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A Book of Myths

Page: 114

Thereat the prophetess, knowing that her questioner could be none other than Odin, for to no mortal man could be known so much of the future, refused for evermore to speak, and returned to the silence of her tomb. And Odin was forced to mount his steed and to return to his own land of warmth and pleasure.

On his return he found that all was well with Baldur. Thus he tried to still his anxious heart and to forget the feast in the chill regions of Niflheim, spread for the son who was to him the dearest, and to laugh with those who tried in vain to bring scathe to Baldur.

Only one among those who looked at those sports and grew merry, as he whom they loved stood like a great cliff against which the devouring waves of the fierce North Sea beat and foam and crash in vain, had malice in his heart as he beheld the wonder. In the evil heart of Loki there came a desire to overthrow the god who was beloved by all gods and by all men. He hated him because he was pure, and the mind of Loki was as a stream into which all the filth of the world is discharged. He hated him because Baldur was truth [Pg 238] and loyalty, and he, Loki, was treachery and dishonour. He hated him because to Loki there came never a thought that was not full of meanness and greed and cruelty and vice, and Baldur was indeed one sans peur et sans reproche.

Thus Loki, taking upon himself the form of a woman, went to Fensalir, the palace, all silver and gold, where dwelt Freya, the mother of Baldur.

The goddess sat, in happy majesty, spinning the clouds, and when Loki, apparently a gentle old woman, passed by where she sat, and then paused and asked, as if amazed, what were the shouts of merriment that she heard, the smiling goddess replied:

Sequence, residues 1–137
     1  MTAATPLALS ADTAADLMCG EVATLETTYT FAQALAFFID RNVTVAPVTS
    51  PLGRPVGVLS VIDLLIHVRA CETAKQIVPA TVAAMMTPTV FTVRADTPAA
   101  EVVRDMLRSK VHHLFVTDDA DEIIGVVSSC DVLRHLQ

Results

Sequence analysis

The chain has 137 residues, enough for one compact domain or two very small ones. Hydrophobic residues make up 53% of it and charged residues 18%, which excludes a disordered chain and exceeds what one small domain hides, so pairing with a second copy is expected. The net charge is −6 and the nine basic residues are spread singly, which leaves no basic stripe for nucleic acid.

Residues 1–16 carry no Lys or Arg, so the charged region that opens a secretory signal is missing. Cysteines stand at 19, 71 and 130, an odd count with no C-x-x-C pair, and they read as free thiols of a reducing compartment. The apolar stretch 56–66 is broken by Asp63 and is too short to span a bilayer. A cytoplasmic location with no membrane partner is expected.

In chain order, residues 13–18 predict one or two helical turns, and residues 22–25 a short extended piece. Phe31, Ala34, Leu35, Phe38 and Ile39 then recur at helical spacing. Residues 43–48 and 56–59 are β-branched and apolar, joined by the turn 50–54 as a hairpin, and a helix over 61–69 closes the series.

“All things on earth have sworn to me never to injure Baldur, and all the gods use their weapons against him in vain. Baldur is safe for evermore.”

“All things?” queried Loki.

And Freya answered, “All things but the mistletoe. No harm can come to him from a thing so weak that it only lives by the lives of others.”

Then the vicious heart of Loki grew joyous. Quickly he went to where the mistletoe grew, cut a slender green branch, shaped it into a point, and sought the blind god Hodur.

Hodur stood aside, while the other gods merrily pursued their sport.

“Why dost thou not take aim at Baldur with a weapon that fails and so join in the laughter?” asked Loki.

And Hodur sadly made answer:

[Pg 239] “Well dost thou know that darkness is my lot, nor have I ought to cast at my brother.”

Then Loki placed in his hand the shaft of mistletoe and guided his aim, and well and surely Hodur cast the dart. He waited, then, for the merry laughter that followed ever on the onslaught of those against him whom none could do harm. But a great and terrible cry smote his ears. “Baldur the Beautiful is dead! is dead!


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